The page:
Applied Ocean Science is multidisciplinary and focused on the application of advanced technology to ocean exploration and observation. Applied Ocean Science (AOS) students perform research in marine acoustics, optics, electromagnetics, geophysics, ecology, sediment transport, coastal processes, physical oceanography, and air-sea interaction.
The emphasis is on the resolution of key scientific issues through novel technological development.
The curricular group's science focus is complemented by parallel Applied Ocean Science programs in both the Mechanical and Aerospace Engineering (MAE) and the Electrical and Computer Engineering (ECE) departments. Students have access to professors, courses, and research facilities across all three departments.
Requirements for Admission
In addition to the general requirements for admission to the PhD program listed here, students are admissible to the AOS program with a strong background in physical science, engineering science, or mathematics. Three years of physics or applicable engineering and three years of mathematics at college level are expected.
Program of Study
Students admitted to Climate-Ocean-Atmosphere Program (COAP) choose a curricular group by the end of the fall quarter. This choice is aided by the student’s guidance committee, which includes a chair from one of the COAP curricular groups. The guidance committee will help to arrange an individually tailored set of first-year courses for the student, and to ensure that the student has taken all necessary courses to prepare for the departmental exam. During the year, students may be supported in a variety of ways, but by the end of the spring quarter students must choose a research adviser. After the first year the guidance committee is dissolved, and the research adviser, and eventually the dissertation committee, provide guidance.
The AOS academic program is designed to provide both a broad background and a core technical base to support the diverse interests and activities of its students. Early participation in an ongoing research project is encouraged. However, specialization and focus on a specific thesis topic is not required until the second or third year of the program.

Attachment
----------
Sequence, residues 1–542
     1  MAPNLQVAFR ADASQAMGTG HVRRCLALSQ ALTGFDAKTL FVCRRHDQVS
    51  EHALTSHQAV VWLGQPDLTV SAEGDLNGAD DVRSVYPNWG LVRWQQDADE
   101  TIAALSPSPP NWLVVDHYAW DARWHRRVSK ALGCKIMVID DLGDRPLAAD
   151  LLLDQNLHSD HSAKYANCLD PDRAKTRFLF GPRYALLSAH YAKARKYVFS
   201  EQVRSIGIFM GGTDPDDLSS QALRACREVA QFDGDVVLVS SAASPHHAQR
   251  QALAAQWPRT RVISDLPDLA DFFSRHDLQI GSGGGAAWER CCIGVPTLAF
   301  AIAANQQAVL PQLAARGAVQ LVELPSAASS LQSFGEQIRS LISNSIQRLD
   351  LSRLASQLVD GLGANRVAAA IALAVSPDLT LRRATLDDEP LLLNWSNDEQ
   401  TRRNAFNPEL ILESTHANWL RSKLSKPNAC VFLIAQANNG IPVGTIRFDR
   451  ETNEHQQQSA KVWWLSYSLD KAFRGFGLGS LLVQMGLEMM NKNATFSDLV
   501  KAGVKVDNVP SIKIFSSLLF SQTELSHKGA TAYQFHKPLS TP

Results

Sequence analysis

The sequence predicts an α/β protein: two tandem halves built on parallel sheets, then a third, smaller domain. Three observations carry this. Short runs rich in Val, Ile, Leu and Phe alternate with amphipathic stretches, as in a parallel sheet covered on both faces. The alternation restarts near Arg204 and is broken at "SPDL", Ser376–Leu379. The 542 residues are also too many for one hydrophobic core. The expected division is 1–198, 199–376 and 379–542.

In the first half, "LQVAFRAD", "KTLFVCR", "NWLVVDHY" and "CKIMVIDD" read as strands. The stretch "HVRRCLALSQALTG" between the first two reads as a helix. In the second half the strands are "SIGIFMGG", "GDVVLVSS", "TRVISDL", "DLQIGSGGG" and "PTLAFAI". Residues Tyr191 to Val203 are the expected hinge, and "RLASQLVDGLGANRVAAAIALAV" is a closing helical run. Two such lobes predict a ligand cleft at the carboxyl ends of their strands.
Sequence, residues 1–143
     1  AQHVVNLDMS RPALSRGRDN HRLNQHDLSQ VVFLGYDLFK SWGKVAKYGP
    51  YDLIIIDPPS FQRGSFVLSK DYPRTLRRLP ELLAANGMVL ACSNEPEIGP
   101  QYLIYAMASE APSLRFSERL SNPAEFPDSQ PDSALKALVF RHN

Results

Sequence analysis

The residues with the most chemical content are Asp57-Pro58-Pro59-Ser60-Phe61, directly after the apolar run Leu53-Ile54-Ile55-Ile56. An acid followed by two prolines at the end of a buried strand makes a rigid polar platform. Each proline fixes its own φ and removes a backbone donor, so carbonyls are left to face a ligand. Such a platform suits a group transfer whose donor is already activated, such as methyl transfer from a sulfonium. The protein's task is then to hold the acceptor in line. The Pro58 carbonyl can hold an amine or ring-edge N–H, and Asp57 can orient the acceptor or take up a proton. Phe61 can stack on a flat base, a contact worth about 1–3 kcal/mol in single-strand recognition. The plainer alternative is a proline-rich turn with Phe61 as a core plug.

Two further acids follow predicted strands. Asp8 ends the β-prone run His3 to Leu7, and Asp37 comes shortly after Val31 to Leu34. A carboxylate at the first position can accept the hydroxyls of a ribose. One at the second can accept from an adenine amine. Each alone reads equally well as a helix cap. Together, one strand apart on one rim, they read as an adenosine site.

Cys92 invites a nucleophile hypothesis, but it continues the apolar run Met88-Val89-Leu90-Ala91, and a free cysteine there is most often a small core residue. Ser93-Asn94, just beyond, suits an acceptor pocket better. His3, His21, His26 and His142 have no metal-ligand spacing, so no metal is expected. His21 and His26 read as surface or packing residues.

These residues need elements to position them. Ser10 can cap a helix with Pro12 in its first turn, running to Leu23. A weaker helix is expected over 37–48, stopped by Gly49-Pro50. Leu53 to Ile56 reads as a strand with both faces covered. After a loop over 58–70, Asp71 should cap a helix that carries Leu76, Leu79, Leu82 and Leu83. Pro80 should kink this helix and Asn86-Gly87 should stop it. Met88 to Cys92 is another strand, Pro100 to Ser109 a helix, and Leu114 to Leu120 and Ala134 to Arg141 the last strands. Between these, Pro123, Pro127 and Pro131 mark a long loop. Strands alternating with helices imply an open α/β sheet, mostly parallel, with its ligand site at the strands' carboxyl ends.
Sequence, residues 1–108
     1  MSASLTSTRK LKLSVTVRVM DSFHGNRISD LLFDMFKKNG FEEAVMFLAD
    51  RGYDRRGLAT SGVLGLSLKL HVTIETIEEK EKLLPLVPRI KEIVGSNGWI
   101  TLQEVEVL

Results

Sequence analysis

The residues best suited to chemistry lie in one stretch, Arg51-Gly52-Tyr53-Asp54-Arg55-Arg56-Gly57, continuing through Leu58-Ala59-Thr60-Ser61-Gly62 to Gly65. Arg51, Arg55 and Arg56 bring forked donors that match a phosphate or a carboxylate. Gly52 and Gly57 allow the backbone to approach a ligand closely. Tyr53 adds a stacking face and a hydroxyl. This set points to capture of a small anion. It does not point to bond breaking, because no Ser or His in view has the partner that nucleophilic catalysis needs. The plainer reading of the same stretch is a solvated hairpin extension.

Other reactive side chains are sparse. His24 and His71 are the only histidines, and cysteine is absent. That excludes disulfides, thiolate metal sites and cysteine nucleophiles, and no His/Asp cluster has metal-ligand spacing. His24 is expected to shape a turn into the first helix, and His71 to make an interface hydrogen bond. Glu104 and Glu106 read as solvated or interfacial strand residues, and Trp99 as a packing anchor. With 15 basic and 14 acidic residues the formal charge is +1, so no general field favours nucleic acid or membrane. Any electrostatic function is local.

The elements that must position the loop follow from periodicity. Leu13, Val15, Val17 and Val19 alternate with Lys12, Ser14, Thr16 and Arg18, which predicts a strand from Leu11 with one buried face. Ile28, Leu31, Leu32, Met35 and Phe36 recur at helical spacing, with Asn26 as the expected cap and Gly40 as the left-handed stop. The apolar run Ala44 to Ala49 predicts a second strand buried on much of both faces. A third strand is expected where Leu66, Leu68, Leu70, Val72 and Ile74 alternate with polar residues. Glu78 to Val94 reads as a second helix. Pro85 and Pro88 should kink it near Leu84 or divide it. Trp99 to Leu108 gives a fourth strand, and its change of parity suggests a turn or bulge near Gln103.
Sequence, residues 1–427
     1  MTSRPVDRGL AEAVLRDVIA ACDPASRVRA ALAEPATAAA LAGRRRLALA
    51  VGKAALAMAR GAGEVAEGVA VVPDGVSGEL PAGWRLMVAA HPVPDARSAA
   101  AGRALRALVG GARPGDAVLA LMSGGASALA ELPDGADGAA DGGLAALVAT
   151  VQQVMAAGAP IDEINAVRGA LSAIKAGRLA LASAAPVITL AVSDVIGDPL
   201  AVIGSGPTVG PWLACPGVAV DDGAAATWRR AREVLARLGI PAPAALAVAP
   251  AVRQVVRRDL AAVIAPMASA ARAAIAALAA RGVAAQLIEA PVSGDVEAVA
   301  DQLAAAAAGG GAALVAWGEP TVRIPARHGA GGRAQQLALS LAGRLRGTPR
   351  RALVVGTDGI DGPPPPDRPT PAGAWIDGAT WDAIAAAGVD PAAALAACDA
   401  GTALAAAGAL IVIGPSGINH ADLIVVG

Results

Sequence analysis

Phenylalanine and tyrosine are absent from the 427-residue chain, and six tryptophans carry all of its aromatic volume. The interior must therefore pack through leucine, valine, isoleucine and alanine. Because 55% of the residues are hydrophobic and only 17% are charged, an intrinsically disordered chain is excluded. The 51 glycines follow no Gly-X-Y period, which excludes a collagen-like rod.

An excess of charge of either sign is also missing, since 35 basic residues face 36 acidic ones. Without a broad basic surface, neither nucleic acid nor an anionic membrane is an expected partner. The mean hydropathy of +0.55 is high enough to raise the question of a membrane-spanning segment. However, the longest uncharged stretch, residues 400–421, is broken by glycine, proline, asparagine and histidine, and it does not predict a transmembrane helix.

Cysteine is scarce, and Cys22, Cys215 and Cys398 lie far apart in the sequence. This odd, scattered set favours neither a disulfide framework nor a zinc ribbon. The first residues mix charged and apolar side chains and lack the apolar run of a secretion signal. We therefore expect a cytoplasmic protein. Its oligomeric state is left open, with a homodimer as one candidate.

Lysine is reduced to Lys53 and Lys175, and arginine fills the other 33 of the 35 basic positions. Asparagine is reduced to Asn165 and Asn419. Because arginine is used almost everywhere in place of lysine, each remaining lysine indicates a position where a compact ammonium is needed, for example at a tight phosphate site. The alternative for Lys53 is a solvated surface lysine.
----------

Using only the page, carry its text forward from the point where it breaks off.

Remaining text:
Required courses include SIO 214, Introduction to Fluid Mechanics and the two quarter Wave Physics sequence SIO 202 A-B. Two of the four SIO introductory courses, (SIO 210, 240, 260, 280), must be completed during the first year, with the remaining two courses required prior to passing the doctoral qualifying exam at the end of the third year. In addition, the applied math sequence, SIO 203 A-B or MAE 294 A-B is taken in either the first or second year of study.
The AOS Seminar (SIO 208) serves as a communications bridge across the program; enrollment in this seminar is required during the student's entire period of study. Beyond these core courses, the majority of each student's academic program is tailored to individual interests.
The AOS departmental examination, held at the end of the first year, is based on the core technical courses SIO 214A, SIO 202A–B, and two of the four introductory courses (chosen by the student). The exam has both oral and written components.
The applied ocean science academic program is designed to provide both a broad background and a core technical base to support the diverse interests and activities of the students.
Required course work:
- SIO 214A. Introduction to Fluid Mechanics (4 units)
- SIO 202A and SIO 202B. Fundamentals of Wave Physics (two-quarter sequence; 4 units each)
Any two of the following SIO introductory courses:
- SIO 210. Physical Oceanography (4 units)
- SIO 240. Marine Geology (4 units)
- SIO 260. Marine Chemistry (4 units)
- SIO 280. Biological Oceanography (4 units)
Elective course work:
Students may fulfill the remaining units of required course work through elective course offerings selected in consultation with the students’ guidance committee. In addition, enrollment in SIO 208 (Seminar in Applied Ocean Sciences, one unit per quarter) is expected during the student’s entire period of study. SIO 208 serves as a communications bridge across the program.
Research in Applied Ocean Science
Of the sixteen categories of research at Scripps, the AOS group is most closely associated with the following integrated research themes:
- Global Environmental Monitoring
- Instruments and Innovation
- Modeling, Theory, and Computing
- Sound and Light in the Sea
Applied Ocean Sciences Faculty and Researchers:
- Matthew Alford
- Laurence Armi
- Peter Bromirski
- Michael Buckingham
- C. David Chadwell
- Gerald D'Spain
- Grant Deane
- Leroy Dorman
- Peter Gerstoft
- Sarah Gille
- John Hildebrand
- William Hodgkiss
- Jules Jaffe
- William Kuperman
- Drew Lucas
- Jennifer Mackinnon
- Todd Martz
- Wallace Melville
- Rob Pinkel
- Ana Sirovic
- Heechun Song
- Dale Stokes
- Dariusz Stramski
- Aaron Thode